Youngkin’s proposal lacks new additions to the Water Quality Improvement Fund for wastewater treatment projects, which have helped the state make strides in preventing pollution from entering waterways. A $238 million shortfall is projected for 10 projects over the next two years, Department of Environmental Quality Director Mike Rolband recently told the State Water Commission.

Chesapeake Bay Foundation Virginia Director Chris Moore said, “While we applaud these historic investments, there remains significant need for resources to Virginia’s wastewater sector to continue the tremendous progress they have made in reducing pollution to the Bay.”

No new increases for Metro

Despite Metro’s threats of potential service cuts and fare increases in response to a $750 million shortfall, the governor’s budget includes no additional funding for the bus and rail operator above the state’s normal allocation.

Youngkin said before any funding is appropriated, a plan must be created to address the change in ridership and demand for services. 

A view of the Tysons Corner Metrorail Station in Fairfax County. (Nathaniel Cline/Virginia Mercury)

“I am a huge supporter of Metro,” Youngkin said after his presentation. “It is critically important to Virginia and the entire DMV. But we need to face reality here and develop a business plan that works for Virginia, for the District and for Maryland, and then we will talk about what we will do in order to support it.”

Metro said Virginia’s proposed contribution for fiscal year 2025 is $347.9 million.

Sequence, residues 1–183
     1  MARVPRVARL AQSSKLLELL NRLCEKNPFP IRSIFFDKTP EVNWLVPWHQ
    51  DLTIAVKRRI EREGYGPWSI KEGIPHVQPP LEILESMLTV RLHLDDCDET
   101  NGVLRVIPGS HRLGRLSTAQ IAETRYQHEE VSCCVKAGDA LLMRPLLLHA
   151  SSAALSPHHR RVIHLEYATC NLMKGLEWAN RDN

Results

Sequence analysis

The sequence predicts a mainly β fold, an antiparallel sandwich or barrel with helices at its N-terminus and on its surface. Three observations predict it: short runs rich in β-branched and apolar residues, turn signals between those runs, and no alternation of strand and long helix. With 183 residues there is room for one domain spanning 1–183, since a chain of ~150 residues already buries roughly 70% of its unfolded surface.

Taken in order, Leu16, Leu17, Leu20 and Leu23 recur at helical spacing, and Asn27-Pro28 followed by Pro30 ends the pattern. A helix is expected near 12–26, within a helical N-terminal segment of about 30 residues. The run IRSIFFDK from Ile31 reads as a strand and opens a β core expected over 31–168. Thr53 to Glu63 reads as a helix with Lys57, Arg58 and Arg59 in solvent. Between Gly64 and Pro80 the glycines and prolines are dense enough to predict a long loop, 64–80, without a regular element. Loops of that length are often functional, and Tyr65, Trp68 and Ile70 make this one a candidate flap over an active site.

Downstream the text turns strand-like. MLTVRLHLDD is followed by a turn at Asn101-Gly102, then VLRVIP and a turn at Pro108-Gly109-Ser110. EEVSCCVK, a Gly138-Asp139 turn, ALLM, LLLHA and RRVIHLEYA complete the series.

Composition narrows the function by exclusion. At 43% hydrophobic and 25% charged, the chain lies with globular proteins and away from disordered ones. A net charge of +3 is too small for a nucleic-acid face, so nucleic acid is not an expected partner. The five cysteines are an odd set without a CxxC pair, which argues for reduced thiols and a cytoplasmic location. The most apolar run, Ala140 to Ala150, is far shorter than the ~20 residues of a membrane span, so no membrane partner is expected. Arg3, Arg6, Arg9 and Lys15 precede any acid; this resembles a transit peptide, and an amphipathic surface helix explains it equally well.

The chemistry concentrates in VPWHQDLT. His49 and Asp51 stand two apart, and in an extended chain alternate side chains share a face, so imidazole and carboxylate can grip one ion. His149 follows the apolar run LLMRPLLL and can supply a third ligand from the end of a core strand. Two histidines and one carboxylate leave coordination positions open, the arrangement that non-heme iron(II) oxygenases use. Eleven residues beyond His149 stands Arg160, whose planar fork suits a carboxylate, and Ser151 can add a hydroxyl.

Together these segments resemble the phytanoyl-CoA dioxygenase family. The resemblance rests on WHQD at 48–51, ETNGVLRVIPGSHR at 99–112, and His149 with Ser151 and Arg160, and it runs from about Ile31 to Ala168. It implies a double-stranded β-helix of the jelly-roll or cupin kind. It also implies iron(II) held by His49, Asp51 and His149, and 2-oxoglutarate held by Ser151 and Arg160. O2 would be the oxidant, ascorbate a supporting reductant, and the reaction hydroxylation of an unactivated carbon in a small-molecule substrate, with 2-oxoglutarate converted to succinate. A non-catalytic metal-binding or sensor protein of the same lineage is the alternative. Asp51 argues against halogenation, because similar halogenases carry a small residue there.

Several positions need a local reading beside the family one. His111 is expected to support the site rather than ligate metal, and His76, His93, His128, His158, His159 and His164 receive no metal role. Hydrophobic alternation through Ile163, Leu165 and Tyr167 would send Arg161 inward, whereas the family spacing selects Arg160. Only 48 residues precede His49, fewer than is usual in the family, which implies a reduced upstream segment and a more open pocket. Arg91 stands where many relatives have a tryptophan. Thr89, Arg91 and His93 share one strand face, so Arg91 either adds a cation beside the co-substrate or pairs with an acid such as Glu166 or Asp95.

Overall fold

Metro said it needs notification of what the neighboring jurisdictions will provide by mid-March to make any budget adjustments.

Virginia’s own biosciences ‘research triangle’ 

Youngkin is proposing $100 million for the creation of the Virginia Biotechnology, Life Sciences, and Pharmaceutical Manufacturing Network, which the governor described as “Virginia’s own version of the research triangle.”

“It will be mainly to our research institutions and other entities that are helping us to become more competitive and to hopefully draw companies to Virginia who want to take advantage of those resources,” Maul told the money committees.

The University of Virginia’s Manning Institute for Biotechnology would receive $50 million, $27 million would go to Virginia Tech’s Fralin Biomedical Research Institute and $13 million to VCU’s Medicines for All Institute, according to a Dec. 11 announcement.

Flood Fund

Virginia’s Community Flood Preparedness Fund, which helps pay for resilience projects to address flooding from stormwater and sea level rise, would get a $100 million boost from Youngkin, who is continuing to push for Virginia’s withdrawal from the regional carbon market that has been providing revenue for it.

“We just have so many challenges around Virginia dealing with storm surge and floods that we’re trying to address,” Maul said. Those challenges include sea levels in Norfolk, which are rising faster than anywhere else on the East Coast.

The fund has received half of the over $700 million the state has gotten from its participation in the Regional Greenhouse Gas Initiative, which requires electricity producers to purchase allowances for the carbon they emit. Those funds are returned to the state, which directs 50% of them to flood planning and mitigation projects. The rest goes toward energy efficiency improvements and administrative costs.

Youngkin said allocating money to the Flood Fund is “how these programs should be funded.”

“It’s transparent, it’s part of something we need to do, and it’s not a hidden tax on someone’s bill that they never see that was sold as something that it was not,” he said. “By removing RGGI and taking up the responsibility to fund through the general fund, we have transparency and are still accomplishing our goal.”

Virginia Mercury is part of States Newsroom, a network of news bureaus supported by grants and a coalition of donors as a 501c(3) public charity. Virginia Mercury maintains editorial independence. Contact Editor Sarah Vogelsong for questions: Follow Virginia Mercury on Facebook and Twitter.